_{2}Based on Fractal Patterns

We propose a model of the kinetics of reversible breakdown in metal-insulator-metal structures with afnia based on the growth of fractal patterns of defects when the insulator is subject to an external voltage. The probability that a defect is (or is not) generated and the position where it is generated depend on the electric field distribution. The new defect moves accordingly to fractal rules and attach to another defect in a tree branch. When the two electrodes sandwiching the insulating film are connected a conductive filament is formed and the breakdown takes place. The model is calibrated with experiments inducing metastable soft breakdown events in Pt/HfO_{2}/Pt capacitors.

The loss of insulating properties of thin oxide films is due to the phenomenon of dielectric breakdown. The irreversible breakdown is one of major sources of failure in integrated circuits based on metal oxide semiconductor field effect transistors (MOSFET) technology. Reversible soft breakdown of gate dielectrics is not fatal with respect to the MOSFET switching but leads to undesired current leakage through the gate which affects the power performance. On the contrary, deep control of the reversible changes of conductivity between high and low resistance states in high-

The damage structures observed in dielectric breakdown in many cases have the form of trees [

Sketch of the defect distribution in the oxide at two different iteration steps, represented by black cells in the

Flow diagram of the simulation procedure described in the text.

At time zero

Weibull distributions calculated with the proposed model at

The electric field distribution in the matrix is calculated at the step 2 of Figure _{2} films [

In the case of a structure with parallel plane faces, the fractal tree starts from one of the two interfaces, and then the DLA algorithm cannot be used as it is. We modified it in order to generate fractals structures describing breakdown in metal-oxide-semiconductor or metal-insulator-metal structures. In contrast with the DLA, in the present case particle displacements are not random, but probabilities are ruled by quantities

The proposed methodology can be of interest for the study of the electroforming in the resistive RAMs (RRAMs) based on MIM stacks. Electroforming consists in the operation of soft breakdown in fresh devices due to defects (oxygen vacancies) piling up between the two electrodes when the insulator is subject to electrical stress. In the last years, the phenomenon of electroforming in RRAMs has been widely studied experimentally and simulated (see, e.g., [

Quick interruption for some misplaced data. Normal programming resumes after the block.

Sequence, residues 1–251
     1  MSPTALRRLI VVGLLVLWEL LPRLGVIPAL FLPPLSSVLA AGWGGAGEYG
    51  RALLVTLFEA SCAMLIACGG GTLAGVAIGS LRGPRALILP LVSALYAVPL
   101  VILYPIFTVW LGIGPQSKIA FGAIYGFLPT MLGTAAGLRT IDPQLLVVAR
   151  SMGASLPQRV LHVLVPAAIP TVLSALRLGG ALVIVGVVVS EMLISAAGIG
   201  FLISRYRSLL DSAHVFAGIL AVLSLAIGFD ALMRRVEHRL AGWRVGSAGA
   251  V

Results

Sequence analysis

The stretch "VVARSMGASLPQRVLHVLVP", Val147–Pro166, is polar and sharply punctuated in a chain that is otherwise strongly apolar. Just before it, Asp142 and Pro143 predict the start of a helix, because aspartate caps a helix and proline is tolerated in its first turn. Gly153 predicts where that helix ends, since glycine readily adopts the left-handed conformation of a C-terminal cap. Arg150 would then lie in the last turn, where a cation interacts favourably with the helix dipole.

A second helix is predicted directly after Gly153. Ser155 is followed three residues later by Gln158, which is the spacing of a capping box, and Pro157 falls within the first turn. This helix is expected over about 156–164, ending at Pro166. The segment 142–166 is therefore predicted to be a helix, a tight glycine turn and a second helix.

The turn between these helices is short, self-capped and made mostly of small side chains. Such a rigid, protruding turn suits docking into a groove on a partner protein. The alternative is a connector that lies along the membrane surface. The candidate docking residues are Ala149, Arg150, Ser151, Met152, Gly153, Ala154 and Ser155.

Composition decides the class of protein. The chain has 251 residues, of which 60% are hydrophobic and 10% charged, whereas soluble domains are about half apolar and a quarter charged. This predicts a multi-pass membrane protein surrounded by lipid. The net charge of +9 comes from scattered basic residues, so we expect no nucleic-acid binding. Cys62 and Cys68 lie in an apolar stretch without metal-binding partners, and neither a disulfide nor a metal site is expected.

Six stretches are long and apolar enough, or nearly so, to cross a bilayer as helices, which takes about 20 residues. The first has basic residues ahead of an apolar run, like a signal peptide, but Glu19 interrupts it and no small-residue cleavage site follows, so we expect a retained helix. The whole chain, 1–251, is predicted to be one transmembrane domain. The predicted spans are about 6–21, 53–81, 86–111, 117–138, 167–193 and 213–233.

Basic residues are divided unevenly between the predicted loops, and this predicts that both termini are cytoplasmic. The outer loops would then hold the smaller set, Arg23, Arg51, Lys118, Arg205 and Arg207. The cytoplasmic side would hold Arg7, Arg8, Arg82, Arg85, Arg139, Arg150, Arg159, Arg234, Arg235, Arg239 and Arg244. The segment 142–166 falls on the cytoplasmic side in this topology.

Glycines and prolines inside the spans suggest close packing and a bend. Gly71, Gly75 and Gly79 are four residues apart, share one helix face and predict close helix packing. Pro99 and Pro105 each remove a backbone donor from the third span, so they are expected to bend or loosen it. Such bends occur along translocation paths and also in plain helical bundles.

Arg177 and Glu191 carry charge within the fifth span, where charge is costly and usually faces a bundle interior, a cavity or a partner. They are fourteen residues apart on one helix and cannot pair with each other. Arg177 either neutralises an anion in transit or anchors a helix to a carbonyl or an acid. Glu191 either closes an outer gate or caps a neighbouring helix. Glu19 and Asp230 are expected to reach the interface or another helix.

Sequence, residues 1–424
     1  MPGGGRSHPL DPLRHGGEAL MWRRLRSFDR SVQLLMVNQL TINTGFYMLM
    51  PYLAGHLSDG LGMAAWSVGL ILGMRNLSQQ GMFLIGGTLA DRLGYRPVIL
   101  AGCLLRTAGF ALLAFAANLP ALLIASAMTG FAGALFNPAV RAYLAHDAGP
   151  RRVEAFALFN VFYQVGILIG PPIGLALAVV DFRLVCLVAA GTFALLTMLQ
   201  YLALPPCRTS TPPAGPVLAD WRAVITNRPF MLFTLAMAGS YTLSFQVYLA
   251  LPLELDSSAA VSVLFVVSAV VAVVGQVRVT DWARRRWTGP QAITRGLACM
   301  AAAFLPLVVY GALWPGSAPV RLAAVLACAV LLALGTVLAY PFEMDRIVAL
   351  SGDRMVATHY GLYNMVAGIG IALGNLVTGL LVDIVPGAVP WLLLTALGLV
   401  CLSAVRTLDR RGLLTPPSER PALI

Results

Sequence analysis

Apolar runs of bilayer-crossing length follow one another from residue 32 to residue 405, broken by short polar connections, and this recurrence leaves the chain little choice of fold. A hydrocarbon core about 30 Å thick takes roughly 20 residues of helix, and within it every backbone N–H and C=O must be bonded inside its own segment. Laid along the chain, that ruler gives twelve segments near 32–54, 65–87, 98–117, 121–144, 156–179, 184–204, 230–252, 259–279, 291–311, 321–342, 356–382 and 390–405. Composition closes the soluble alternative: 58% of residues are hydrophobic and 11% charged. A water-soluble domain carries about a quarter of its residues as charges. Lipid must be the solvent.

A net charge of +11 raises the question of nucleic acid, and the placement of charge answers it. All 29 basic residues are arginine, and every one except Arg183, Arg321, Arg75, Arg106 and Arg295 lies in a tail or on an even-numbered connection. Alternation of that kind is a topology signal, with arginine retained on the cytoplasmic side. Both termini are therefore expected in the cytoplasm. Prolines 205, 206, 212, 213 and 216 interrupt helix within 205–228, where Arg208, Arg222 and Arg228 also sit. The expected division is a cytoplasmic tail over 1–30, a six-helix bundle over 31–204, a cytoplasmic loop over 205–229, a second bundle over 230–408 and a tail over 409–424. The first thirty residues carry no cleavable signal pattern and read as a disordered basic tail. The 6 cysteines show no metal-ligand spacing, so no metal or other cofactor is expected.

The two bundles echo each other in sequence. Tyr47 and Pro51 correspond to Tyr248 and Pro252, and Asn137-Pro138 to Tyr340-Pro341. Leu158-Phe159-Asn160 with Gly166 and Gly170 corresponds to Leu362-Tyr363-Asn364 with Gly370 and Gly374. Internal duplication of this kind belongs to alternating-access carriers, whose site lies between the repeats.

The model has been calibrated using experimental results obtained on MIM capacitors of the type Pt/HfO_{2}/Pt. The HfO_{2} film (10 nm thick) was ALD deposited on sputtered bottom electrode. Also the top electrode was sputtered and the stack patterned via hard mask etching. Other details on sample preparation, material analysis, and complete characterization of samples in quasi-static condition are reported elsewhere [

Comparison between experiments performed on RRAM cells of the type Pt/HfO_{2}/Pt. HfO_{2} and simulations: (a) measured (symbols) and calculated (lines) values of

It is worth noticing that the voltage behavior of _{2}). Once the calculated trend reproduces the experimental one, there is another step regarding times to be completed. In fact, the output of our modeling procedure does not contain any information about absolute times, since the discretization is given by iterations. Therefore, in order to interpolate measured data, a trivial normalization is made, forcing the calculated point at

Recalling the thermochemical model proposed to explain the field-dependent breakdown in thin SiO_{2} films [^{−1}, which means that with activation energies of a few eVs the local temperature for defect generation is several hundreds of kelvin degrees.

The simulation procedure yields the defect distribution at each iteration. Its evolution until soft breakdown is shown in the 3D plot shown in Figure